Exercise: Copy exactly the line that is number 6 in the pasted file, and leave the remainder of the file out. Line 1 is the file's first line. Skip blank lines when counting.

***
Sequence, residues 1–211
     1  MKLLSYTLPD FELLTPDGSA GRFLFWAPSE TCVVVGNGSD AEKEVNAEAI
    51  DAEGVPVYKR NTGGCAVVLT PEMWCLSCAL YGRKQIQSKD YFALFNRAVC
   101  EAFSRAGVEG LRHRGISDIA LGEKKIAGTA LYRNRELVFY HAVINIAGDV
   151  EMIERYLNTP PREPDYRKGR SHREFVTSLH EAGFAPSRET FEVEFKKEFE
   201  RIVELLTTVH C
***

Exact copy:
   201  RIVELLTTVH C